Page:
Blue Table Talks sessions highlight BIPOC student voices

In efforts to amplify more voices, the GSC is holding Blue Table Talks in recognition of April being One Love Month, celebrating diverse identities on campus. PHOTO CREDIT: Spotify

The office of Community, Equity and Diversity (CED), the Gender and Sexuality Center (GSC) and the Multicultural Student Service Center (MSSC) are working together to ensure students have a space to express themselves at the University of Rhode Island.

Ashya Moreino, coordinator of the MSSC, Manuela Vadis, interim coordinator of the GSC and Sean Wilder and Alexis Monteiro, graduate interns in CED, created Blue Table Talks at URI to accompany One Love Month, which was held throughout the month of April to celebrate and uplift multicultural identities through various social and educational events.

The concept was developed through a combination of sources. The name stemmed from Jada Pinkett Smith’s Red Table Talks but was changed to blue to match URI colors.

The month includes four themes. The first two are “who are you?” and “who are you becoming?” which were taken from Why Wab borrowed from a local Providence Non-Profit called Breakthrough. The second two were added on and included “who are your people?” and the celebration of identities.

Over the course of April, the groups held four sessions covering various topics, which were all broadcast over Instagram Live. The first session was held on April 7 and covered code-switching, which is changing the way you act or speak based on the people you are around, navigating a primarily white institution (PWI) and interracial dating, according to the MSSC’s Instagram.

According to Wilder, they chose Instagram Live through the MSSC Instagram account to reach a large audience and be more accessible to the student body.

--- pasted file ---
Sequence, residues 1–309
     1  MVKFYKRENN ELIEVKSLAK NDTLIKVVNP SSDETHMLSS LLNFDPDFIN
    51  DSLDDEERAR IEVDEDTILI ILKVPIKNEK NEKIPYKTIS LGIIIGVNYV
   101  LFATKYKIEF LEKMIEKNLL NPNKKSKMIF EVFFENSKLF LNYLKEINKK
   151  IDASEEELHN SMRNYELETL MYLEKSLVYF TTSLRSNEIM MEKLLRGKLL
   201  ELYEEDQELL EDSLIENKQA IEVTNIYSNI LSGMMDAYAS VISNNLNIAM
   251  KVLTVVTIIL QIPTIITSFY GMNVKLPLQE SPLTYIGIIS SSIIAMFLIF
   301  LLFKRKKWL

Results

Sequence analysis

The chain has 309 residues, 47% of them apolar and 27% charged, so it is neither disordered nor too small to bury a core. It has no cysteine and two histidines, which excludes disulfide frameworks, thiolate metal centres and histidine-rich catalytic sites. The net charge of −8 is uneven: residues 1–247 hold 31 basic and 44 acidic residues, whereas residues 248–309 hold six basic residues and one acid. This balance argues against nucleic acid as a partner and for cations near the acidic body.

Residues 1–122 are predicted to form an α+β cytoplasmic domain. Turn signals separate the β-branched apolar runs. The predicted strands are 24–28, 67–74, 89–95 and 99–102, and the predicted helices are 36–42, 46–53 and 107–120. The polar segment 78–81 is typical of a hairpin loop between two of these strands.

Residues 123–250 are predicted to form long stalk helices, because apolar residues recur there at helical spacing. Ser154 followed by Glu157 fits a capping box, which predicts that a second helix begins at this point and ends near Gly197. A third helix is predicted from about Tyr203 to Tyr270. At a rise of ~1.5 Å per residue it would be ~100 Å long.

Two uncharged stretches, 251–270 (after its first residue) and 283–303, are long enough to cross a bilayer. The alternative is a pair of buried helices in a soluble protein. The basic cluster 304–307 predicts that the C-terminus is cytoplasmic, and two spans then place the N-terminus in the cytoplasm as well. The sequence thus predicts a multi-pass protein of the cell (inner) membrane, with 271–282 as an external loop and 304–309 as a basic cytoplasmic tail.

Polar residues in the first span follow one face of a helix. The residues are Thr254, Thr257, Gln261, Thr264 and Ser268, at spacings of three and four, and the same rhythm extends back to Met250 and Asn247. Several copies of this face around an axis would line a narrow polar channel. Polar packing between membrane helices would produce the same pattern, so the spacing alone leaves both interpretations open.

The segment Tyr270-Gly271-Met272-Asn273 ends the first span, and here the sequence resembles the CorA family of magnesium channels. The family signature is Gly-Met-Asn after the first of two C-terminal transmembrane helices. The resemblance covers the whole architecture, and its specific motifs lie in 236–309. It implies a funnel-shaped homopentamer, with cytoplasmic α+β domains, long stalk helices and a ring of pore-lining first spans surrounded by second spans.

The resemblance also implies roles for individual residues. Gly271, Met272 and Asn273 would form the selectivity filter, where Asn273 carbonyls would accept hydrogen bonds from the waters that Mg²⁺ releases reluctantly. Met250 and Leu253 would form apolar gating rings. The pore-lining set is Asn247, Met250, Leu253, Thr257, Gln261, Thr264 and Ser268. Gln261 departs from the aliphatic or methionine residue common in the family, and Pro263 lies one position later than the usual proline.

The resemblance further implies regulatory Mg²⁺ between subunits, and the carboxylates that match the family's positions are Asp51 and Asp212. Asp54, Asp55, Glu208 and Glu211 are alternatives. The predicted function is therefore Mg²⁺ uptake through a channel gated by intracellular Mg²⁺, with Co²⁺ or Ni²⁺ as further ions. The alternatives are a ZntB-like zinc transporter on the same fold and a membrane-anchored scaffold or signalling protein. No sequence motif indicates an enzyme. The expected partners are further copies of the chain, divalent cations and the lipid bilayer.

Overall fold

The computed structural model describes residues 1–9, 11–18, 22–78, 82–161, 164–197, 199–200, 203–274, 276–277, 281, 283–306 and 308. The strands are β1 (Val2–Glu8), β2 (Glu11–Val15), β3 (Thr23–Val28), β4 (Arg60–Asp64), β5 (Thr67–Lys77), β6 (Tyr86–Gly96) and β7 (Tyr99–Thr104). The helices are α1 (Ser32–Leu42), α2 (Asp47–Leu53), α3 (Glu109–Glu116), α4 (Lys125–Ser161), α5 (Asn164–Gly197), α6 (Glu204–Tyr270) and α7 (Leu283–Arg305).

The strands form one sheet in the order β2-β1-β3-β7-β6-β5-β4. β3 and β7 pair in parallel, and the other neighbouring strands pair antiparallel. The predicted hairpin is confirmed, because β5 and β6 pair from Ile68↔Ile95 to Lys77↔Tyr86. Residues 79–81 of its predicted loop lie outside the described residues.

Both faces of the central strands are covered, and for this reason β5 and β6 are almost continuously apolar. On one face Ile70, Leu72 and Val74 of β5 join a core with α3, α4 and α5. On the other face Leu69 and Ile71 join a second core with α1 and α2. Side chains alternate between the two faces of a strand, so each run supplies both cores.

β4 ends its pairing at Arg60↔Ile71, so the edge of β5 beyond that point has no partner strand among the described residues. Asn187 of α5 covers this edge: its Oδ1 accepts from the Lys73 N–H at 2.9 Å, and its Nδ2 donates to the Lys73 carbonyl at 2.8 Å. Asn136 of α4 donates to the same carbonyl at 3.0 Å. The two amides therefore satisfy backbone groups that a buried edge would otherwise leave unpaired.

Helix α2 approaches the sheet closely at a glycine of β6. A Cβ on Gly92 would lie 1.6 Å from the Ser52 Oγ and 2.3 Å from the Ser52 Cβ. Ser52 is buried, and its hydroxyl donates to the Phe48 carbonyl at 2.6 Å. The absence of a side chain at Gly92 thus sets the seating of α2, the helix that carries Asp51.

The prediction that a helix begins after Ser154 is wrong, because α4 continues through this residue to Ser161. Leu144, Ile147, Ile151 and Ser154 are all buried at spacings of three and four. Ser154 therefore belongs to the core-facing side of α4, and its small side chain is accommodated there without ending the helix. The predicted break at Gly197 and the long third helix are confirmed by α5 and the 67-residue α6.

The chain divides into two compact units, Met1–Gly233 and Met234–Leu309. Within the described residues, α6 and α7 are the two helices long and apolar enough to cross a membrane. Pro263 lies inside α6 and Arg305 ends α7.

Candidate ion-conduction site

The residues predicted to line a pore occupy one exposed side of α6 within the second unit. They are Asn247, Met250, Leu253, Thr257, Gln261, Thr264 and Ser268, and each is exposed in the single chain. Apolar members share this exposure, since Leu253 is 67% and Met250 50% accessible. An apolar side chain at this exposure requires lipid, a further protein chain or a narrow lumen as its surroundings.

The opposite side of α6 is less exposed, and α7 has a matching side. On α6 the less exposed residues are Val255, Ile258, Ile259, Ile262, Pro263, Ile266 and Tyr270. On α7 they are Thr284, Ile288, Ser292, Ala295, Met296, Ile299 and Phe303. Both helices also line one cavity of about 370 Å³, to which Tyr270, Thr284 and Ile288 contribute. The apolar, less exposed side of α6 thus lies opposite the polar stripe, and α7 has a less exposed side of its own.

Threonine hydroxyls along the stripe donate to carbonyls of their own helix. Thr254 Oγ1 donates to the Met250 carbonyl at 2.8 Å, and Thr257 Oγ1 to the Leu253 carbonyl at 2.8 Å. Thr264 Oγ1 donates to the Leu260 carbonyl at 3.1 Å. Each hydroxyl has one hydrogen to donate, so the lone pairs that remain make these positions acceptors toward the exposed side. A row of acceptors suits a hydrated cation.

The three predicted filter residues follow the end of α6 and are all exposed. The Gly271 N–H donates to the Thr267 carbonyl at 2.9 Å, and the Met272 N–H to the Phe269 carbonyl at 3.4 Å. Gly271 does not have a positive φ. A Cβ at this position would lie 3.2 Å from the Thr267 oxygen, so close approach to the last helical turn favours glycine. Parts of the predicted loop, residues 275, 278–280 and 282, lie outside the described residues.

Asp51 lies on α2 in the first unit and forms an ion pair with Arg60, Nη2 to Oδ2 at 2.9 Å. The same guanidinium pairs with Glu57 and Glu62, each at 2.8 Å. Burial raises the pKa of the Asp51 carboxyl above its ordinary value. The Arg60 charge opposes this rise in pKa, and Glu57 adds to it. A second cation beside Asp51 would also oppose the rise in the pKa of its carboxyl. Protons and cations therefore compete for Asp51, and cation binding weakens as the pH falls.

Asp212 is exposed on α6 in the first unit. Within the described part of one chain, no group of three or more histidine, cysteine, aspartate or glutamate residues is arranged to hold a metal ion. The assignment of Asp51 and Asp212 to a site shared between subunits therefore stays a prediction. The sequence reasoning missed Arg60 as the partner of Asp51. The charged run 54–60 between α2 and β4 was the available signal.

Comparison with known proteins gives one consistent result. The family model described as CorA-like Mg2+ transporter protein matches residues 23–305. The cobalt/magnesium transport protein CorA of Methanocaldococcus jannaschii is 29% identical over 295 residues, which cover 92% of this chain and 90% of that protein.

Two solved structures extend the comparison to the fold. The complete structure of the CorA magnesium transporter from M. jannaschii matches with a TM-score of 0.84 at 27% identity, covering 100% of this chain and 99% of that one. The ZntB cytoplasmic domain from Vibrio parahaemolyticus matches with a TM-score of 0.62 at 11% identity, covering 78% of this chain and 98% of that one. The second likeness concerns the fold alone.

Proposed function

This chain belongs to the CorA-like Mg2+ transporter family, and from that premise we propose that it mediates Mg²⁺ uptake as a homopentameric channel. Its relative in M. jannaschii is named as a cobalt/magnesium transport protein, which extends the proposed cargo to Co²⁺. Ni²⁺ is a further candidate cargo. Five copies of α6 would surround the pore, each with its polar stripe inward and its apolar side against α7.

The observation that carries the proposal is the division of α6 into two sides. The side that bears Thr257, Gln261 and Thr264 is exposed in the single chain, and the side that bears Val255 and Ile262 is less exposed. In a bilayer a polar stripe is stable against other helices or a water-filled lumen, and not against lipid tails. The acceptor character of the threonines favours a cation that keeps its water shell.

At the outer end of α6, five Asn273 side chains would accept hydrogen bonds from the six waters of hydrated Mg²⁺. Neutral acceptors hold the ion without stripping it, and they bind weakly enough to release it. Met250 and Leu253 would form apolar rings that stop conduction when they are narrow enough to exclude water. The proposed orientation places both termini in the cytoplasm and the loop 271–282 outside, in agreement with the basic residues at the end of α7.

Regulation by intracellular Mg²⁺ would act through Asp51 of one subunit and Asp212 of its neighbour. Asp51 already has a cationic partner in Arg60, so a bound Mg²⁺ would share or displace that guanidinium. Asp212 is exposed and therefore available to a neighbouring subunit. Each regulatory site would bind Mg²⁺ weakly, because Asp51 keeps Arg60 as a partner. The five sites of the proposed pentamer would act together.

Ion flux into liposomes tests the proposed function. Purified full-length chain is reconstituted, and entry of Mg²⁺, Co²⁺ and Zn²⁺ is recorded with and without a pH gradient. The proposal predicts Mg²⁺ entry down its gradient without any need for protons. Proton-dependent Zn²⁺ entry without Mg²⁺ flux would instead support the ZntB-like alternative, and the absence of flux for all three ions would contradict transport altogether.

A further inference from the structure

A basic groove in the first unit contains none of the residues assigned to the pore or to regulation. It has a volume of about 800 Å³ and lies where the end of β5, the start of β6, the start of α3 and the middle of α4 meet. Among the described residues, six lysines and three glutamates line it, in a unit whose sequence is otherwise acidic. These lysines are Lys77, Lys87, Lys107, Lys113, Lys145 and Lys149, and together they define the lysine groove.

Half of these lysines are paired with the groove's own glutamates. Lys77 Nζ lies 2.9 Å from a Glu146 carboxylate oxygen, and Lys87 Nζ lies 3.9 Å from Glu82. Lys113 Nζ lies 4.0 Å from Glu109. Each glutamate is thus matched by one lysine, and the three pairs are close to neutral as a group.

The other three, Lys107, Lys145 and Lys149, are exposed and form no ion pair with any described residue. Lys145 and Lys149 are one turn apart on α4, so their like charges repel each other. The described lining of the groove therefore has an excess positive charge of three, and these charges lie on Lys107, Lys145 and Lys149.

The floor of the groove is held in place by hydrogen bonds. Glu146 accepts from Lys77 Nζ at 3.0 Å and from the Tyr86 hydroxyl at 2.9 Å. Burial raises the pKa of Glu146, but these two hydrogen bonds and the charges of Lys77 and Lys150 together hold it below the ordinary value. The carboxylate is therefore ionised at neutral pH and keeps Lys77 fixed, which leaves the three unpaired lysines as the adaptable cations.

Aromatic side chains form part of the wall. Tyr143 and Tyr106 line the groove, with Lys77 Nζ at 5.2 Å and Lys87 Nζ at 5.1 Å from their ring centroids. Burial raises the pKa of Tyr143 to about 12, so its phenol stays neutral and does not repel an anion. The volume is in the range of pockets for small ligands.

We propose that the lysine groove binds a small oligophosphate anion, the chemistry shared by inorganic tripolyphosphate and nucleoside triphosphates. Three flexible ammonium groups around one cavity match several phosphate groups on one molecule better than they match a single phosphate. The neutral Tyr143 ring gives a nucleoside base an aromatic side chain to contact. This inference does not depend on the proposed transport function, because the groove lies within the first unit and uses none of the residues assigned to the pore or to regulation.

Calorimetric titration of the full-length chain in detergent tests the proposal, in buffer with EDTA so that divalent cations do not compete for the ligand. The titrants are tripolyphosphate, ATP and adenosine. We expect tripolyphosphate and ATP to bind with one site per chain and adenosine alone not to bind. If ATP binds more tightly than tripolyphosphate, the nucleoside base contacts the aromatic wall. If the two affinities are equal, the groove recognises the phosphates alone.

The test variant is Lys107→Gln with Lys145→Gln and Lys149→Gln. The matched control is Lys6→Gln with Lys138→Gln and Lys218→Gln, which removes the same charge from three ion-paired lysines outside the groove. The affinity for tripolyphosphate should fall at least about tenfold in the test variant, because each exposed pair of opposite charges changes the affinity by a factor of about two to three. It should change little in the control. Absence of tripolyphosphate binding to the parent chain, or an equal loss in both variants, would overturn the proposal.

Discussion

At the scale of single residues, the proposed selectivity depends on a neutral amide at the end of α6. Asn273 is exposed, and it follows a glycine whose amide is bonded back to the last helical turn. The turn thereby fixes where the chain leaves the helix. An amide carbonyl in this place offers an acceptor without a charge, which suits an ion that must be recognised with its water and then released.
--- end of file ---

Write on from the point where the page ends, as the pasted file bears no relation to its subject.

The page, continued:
“It’s important for us to have connections with the students and meet them where they’re at,” Monteiro said. “The four of us work to offer a space where students can shine and bring up their potential.”

The talks are kept on track by the four creators but have a variety of different students come on to discuss their lived experiences and make connections.

Moreino said that the process of finding students to participate has been hands-on and very exciting. She approaches the students who frequently come into the MSSC to make more personal connections, but any student who wants to participate is welcome.

“It’s a lot harder these days,” Moreino said. “I feel like students aren’t really checking their emails. All four of us are really excited to talk to students in person and I feel like that energy is contagious.”

The initial idea about holding these conversations started over the summer with Assistant Director of the MSSC Bobby Britto-Oliveira, according to Vadis, which was then further developed in the fall between the different centers.

“We were looking for an interesting way to connect all the services and bridge the gap so students have one place and do not have to hop from service to service,” Vadis said.

After narrowing down a list of broad ideas to interest the centers and services they landed on the concept of Blue Table Talks. 

The second session took place on April 14 and covered boundaries, BIPOC mental health, cancel culture and the “Don’t Say Gay” bill.

Wilder adds more about why holding these conversations is important for students at the University.

“We have our lived experiences and we want to validate students’ experiences,” Wilder said. “We wanted to create a space where we could unpack everything and learn from each other.”

The third session took place on April 19 and covered allyship, the concept of “oppression Olympics” and dismantling BIPOC stereotypes and the fourth and final session took place on April 27.

According to Moreino, the goal is to create a space where students feel that they are represented and can talk about things outside of their academics. Students need a space to talk that is genuine, not transactional.

Monteiro said the three words that come to mind with the One Love Month and Blue Table talks are community, uplifting and celebrating.

“The community piece is feeling like you belong in a place and can connect with somebody,” Monteiro said. “The uplifting part is making sure the students know their voices are heard and validated. It will have a major impact on how our services are gonna move forward and how the University is going to move forward.”

The four are currently working on plans to continue Blue Table Talks into the following years as a way to continue to give students places to connect and express their intersecting identities.